Supports Measure W
Los Angeles County has had a water problem for over a century. Each year there may be too much or not enough rainwater, and an uneven distribution throughout our neighborhoods due to mountains, valleys, etc. We need a consistent, affordable supply of clean and safe water to allow our communities to thrive.
Historically we have depended on water from outside our region – more than 70% – to fill our growing needs. With the increasing statewide demands of agriculture, thirsty populations in other regions, and the serious threat of climate change droughts, our regional water future is uncertain at best. We must make better use of the rain and ground water we have. An important solution is Measure W on our November ballot.
Measure W will provide for specific, well-planned projects, appropriate to the various neighborhoods, for increasing the capture of stormwater and urban runoff and reduce pollution of our local watersheds. This will provide increased water supply and quality, as well as other community investment benefits.
I have been following Los Angeles County watershed issues for a dozen years, participating in public and private meetings and seminars, which included many organizations trying to work out various specific solutions. Measure W will incorporate those ideas and proposals into a prioritized, funded, ongoing set of solutions to address the threats to our water supply and reduce our reliance on external sources of water, the essence of our region’s economy.
I acknowledge that no one wants additional taxes but, as a 65-year citizen of Los Angeles County concerned with solutions to our water crisis, I know that we must invest in our future now, and locally, to prevent even more serious problems in the future. The solutions are unlikely to come from either Washington or Sacramento.
Vote yes on Measure W.
Preserving Quality of Life
Having been raised in the City of Glendale, I have attended its schools, participated in its civic life, and started businesses here, investing both my resources and myself. In time, I eventually started my own family and I am raising my own children within the welcoming environs of this great Jewel City.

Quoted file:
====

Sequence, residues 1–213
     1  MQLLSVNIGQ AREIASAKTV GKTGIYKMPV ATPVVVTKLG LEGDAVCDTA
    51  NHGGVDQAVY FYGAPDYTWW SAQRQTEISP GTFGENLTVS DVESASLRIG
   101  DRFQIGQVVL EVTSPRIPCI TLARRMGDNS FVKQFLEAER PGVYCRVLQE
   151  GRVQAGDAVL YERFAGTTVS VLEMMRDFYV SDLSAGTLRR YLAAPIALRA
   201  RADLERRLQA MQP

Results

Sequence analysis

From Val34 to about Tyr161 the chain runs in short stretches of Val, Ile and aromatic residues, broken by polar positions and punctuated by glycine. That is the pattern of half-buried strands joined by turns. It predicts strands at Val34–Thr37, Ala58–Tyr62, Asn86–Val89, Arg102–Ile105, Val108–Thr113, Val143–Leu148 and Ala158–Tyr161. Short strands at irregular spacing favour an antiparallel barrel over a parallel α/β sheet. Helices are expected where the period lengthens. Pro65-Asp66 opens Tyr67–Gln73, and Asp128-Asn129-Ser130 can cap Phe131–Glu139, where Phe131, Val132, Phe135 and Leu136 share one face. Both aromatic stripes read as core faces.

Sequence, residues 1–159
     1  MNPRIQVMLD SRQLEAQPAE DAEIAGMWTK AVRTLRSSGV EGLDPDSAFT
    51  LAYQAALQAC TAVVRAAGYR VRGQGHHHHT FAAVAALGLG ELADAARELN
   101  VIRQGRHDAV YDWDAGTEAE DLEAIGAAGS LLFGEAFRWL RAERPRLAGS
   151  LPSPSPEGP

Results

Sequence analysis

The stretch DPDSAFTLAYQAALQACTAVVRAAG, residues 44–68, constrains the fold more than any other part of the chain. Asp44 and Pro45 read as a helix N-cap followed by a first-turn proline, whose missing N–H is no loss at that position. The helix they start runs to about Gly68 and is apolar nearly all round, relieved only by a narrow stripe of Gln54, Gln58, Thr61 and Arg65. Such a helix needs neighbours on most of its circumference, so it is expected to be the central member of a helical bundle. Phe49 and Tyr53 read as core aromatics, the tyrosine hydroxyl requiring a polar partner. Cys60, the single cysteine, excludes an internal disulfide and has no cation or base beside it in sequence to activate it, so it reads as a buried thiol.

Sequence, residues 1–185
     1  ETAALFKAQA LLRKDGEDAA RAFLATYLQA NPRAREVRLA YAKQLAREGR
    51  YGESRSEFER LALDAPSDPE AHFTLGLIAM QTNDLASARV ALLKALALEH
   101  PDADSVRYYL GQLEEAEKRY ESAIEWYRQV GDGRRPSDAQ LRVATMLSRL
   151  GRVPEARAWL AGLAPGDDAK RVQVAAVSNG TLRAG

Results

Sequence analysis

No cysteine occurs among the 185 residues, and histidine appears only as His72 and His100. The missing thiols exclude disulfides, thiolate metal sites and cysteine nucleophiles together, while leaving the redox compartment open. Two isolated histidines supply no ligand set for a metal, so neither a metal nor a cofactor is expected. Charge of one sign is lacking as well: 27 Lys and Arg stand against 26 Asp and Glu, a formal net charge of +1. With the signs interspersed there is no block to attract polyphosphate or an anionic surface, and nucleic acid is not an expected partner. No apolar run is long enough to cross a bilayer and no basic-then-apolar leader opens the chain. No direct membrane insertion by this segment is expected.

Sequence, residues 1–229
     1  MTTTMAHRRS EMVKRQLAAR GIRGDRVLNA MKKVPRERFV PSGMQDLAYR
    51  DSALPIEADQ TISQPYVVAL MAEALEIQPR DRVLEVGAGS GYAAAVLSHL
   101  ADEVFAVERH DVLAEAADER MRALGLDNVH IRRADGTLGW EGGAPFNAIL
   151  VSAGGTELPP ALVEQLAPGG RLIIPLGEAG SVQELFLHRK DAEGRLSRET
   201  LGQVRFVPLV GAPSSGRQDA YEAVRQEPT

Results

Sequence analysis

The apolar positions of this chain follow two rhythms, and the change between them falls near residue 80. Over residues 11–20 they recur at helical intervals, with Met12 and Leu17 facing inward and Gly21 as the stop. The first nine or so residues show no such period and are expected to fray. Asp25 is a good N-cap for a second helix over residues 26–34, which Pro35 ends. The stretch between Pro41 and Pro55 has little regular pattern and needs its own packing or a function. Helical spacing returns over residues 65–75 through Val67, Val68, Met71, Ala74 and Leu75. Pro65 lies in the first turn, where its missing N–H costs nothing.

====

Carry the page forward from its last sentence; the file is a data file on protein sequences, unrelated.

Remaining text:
I have always wanted the best for this city, since it has always given its best to me and so many others.
In my line of work – commercial real estate – I have had great responsibility to evaluate countless communities across our great nation prior to investing. One common denominator to every successful city is, without fail, the quality of its first responders – it is one of the greatest indicators to a community’s future. And, when I have compared these successful communities to our own, the City of Glendale has consistently emerged as having the best police and fire in the nation.
Nothing has a bigger impact on a city’s quality of life than the quality of its first responders.
With Measure S being on the November ballot, I did what I always do for any issue of merit: I did my own research and my own due diligence. When I discovered that we send $90 million in taxes to the county and regional agencies and Glendale only gets $15 million of that, I realized that we need to fix that.
No one likes to pay higher taxes, and neither do I; however, I do know that if we as a community are not able to take this opportunity with the passage of Measure S, the county and other agencies will take this opportunity, will take our resources, and will take our taxes to yet another level. Glendale must continue utilizing these funds to maintain the excellent quality of life that our families deserve for years to come.
Please vote yes on Measure S with me, and so many other citizens of Glendale – it’s what our city deserves.
Sam S. Manoukian
A Proud Glendale Resident
Fatigued at Thought of Debt
Just read the Oct. 18 edition of CV Weekly and appreciate your articles on the upcoming Measure S. I only learned of the Measure from this edition of the paper, so thank you.
I’m conflicted on this Measure. As both [publisher Robin Goldsworthy and reporter Mary O’Keefe] point out, if we are going to be taxed, we may as well keep the money local. However, it almost seems like Glendale doesn’t need an extra $30 million but will somehow find a use for it … and some of the uses might already have other funding sources established.